Loyola at a Glance
Law professor particpates in John Mercer Langston Writing Workshop
August 6, 2010
Loyola University New Orleans College of Law professor Mitch Crusto joined other distinguished law professors from across the country in the John Mercer Langston Writing Workshop at Southern Methodist University School of Law in Dallas, Texas, June 24-26. The workshop was conceived in response to the shortage of African-American males teaching law and is named for the first African-American male law professor in the country.
The workshop consisted of approximately 10 work-in-progress sessions and three panels designed to address writing, teaching and other issues unique to African-American males in law academics.
Participants presented their work and received feedback from both a select commentator in their area of scholarly expertise and the audience, which included several senior scholars who were available to help them produce high-level scholarly work.
The workshop came to fruition through months of discussions, brainstorming and planning by professors Frank Rudy Cooper of Suffolk University Law School, Areto Imoukhuede of Nova Southeastern University, D. Aaron Lacy of Southern Methodist University School of Law and Terry Smith of DePaul University College of Law.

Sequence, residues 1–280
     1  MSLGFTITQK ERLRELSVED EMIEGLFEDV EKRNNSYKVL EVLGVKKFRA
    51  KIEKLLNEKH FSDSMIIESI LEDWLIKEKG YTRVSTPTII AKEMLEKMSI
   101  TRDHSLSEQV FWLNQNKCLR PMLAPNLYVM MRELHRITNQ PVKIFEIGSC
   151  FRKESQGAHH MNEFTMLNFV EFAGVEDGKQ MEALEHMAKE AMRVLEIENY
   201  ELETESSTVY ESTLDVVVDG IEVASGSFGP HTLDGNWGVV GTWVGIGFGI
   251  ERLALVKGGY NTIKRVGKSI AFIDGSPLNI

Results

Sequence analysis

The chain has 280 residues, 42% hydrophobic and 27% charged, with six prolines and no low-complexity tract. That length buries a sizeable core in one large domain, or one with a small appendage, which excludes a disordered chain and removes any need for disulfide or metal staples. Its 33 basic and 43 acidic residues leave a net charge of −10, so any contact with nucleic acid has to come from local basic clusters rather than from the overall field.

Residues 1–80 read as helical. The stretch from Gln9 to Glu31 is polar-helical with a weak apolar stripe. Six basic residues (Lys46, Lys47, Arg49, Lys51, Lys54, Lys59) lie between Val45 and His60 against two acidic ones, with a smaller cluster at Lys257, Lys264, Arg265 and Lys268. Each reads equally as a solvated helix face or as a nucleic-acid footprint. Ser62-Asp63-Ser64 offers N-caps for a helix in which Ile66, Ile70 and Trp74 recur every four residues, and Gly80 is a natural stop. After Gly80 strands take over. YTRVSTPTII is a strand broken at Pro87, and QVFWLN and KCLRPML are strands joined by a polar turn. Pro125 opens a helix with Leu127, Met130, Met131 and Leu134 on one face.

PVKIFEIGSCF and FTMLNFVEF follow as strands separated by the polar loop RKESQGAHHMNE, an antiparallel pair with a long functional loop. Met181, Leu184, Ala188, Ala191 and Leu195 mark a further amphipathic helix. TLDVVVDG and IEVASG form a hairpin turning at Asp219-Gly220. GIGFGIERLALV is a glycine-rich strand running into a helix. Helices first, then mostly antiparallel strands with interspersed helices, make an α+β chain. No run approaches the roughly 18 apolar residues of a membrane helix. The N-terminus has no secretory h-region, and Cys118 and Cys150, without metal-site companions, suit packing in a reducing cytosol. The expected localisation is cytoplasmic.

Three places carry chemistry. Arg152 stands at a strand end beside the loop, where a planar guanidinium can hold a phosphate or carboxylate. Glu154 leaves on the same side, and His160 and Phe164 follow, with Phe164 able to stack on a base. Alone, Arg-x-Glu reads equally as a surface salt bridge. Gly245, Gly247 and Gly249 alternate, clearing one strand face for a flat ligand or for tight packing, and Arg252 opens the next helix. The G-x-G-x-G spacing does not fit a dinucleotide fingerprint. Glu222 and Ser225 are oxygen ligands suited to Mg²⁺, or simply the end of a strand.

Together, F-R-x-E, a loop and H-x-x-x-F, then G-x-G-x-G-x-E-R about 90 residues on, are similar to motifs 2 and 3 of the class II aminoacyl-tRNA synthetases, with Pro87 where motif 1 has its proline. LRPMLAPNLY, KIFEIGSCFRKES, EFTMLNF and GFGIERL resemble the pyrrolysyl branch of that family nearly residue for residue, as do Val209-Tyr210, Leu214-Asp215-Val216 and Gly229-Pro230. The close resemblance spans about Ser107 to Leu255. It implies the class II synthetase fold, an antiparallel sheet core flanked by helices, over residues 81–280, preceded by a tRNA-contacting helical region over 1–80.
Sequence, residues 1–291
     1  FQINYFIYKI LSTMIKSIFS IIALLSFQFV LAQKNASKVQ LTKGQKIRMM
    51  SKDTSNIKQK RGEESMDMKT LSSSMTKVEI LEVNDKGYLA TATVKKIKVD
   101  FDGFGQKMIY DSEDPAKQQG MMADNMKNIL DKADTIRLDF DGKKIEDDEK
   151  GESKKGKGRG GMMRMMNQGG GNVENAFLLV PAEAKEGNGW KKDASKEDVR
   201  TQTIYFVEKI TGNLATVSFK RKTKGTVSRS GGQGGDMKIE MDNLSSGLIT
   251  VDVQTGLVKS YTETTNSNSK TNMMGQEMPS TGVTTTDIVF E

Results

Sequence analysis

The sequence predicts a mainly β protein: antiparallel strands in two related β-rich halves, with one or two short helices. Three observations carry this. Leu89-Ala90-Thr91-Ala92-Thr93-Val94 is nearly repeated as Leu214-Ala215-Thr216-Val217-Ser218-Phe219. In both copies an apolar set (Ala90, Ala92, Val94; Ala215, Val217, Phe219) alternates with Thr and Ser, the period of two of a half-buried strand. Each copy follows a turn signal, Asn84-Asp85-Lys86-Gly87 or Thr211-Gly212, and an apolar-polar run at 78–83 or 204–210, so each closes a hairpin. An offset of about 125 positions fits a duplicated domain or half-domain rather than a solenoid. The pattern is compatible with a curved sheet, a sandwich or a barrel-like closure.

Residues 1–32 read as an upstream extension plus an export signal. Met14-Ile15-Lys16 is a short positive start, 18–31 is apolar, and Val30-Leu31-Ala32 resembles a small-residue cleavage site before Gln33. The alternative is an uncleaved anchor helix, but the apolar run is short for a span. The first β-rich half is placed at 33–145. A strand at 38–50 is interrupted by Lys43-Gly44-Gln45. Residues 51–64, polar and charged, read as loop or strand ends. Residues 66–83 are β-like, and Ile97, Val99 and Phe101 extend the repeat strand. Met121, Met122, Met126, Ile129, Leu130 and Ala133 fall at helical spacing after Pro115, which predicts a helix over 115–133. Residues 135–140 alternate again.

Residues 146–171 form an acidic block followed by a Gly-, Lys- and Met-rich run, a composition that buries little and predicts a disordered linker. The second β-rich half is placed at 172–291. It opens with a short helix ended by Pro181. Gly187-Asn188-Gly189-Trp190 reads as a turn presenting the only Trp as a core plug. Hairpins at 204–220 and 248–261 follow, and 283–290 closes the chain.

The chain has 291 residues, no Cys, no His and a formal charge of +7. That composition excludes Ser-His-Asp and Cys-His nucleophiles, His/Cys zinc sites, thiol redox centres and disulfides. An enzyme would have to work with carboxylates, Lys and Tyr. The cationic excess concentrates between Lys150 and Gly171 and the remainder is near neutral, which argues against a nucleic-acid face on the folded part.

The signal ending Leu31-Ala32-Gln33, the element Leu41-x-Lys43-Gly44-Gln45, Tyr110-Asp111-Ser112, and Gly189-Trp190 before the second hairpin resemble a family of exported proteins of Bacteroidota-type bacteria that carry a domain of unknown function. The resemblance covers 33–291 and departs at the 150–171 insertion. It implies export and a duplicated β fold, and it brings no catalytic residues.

Crusto also explored new directions for constitutional law at the Southeastern Association of Law Schools 2010 annual conference in Palm Beach, Fla., on July 30.
Crusto’s presentation, “Empathetic Dialogues: Toward Value Principles in Constitutional Law,” was part of a panel titled “Obama, Empathy and the Constitution.” Using Biblical references to Abraham’s dialogue with God on the injustice of the proposed killing of innocent people in the destruction of Sodom and Gomorrah, Crusto proposed that judges have a moral obligation to seek justice in their decisions.
Crusto used examples in the Constitution to show how empathetic dialogues are a proven judicial means of achieving value principles of constitutional law.
Also in July, Crusto facilitated a discussion with Louisiana judges and lawyers on state judges’ role in developing constitutional law at the Louisiana Judicial Council’s 16th Annual Jamaican Sunset Continuing Legal Education program in Negril, Jamaica. His presentation, “Retracing the Steps on the Bridge: the Right to Intra-State Travel,” explored the reasoning of the federal court’s decision in the Dickerson Case, which stated there is no constitutional right to travel within the state of Louisiana. In the case, Tracy and Dorothy Dickerson claimed U.S. citizens were prevented by the Gretna police from crossing west on the Crescent City Connection bridge following Hurricane Katrina.
Crusto believed the Dickerson case was the most significant human rights decision in contemporary constitutional law, and urged the state courts as bastions of democracy to continue the serious work of protecting individual constitutional rights. He recently published a leading constitutional law article in the University of Pittsburgh Law Review, “Enslaved Constitution: Obstructing Freedom to Travel,” in which he analyzes the constitutional right to intra-state travel.
For more information on the College of Law, contact James Shields in the Office of Public Affairs at 504-861-5888 or email@example.com.
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